We went to Apedale in the morning, it was quite cool and breezy, and there wasn’t much to see, until later in the walk when things started to warm up a bit.
Danny took a lovely photo of this honeysuckle near the railway line:
There are loads of these yellow flowers around, that could be mistaken for dandelions. They are actually called hairy cat’s ear, or false dandelion.
We also saw lots of these purple flowers which we had previously mistaken for thistles. Of course they are not thistles because they aren’t prickly – it’s actually called knapweed:
We saw lots more examples of oak apples:
As we’ve mentioned before these are caused by the larvae of the parasitic gall wasp. Here’s a CT scan of the wasps developing inside the oak apple.
Mum spotted this lonely sloe berry – the fruit of the blackthorn. We are hoping to find lots more of these later in the years.
This is a European larch – it is the only native deciduous conifer tree in central Europe and was introduced to the British Isles in the 17th century.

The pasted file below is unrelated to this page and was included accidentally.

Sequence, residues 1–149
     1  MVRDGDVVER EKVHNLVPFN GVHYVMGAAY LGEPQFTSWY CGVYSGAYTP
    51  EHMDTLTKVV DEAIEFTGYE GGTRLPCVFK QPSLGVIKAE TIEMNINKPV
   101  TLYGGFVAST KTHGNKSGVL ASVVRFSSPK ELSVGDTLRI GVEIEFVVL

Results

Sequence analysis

There’s also lots of this very pretty yellow flower with spiky green leaves. It’s called lady’s bedstraw (galium verum) – because it was used to stuff mattresses (especially the beds of pregnant women), because its odour (caused by the chemical coumarin) repels fleas. It was also used in cheese-making to coagulate the milk (but this is a lost skill, amazingly), and is used to colour double Gloucester cheese.
Danny took this great photo of the very intertwined trunk of a sycamore tree.
We were able to get a photo of this leaf hopper because it was stuck on a web, otherwise they are really hard to photograph because they are really fast and hop off!
We also spotted a whole clutch of soldier beetles on some (of course) ragwort:
Also hovering round the ragwort was this hoverfly, which we think is a tapered drone fly:
This insect, which has very bright lime green undersides, we think, is a tenthredo mesomela sawfly.
Here’s another pic where you can see its green striped legs:
We photographed a common wasp – buzzing round a thistle – this is another insect that is so hard to photograph because it moves around so much and so quickly!
We spotted another dingy footman:
The final insect for today is this ichneumon wasp. We think this might be a female ichneumon extensorius.
We are not good at identifying or taking photos of birds, but Tom and Sandy spotted a couple of very noisy jays that flew away as we approached.
Finally, the dog report! We only met one dog, but it was a new one to us – a beautiful black and white large Münsterlander, called Loki (after everyone’s favourite Avengers villain).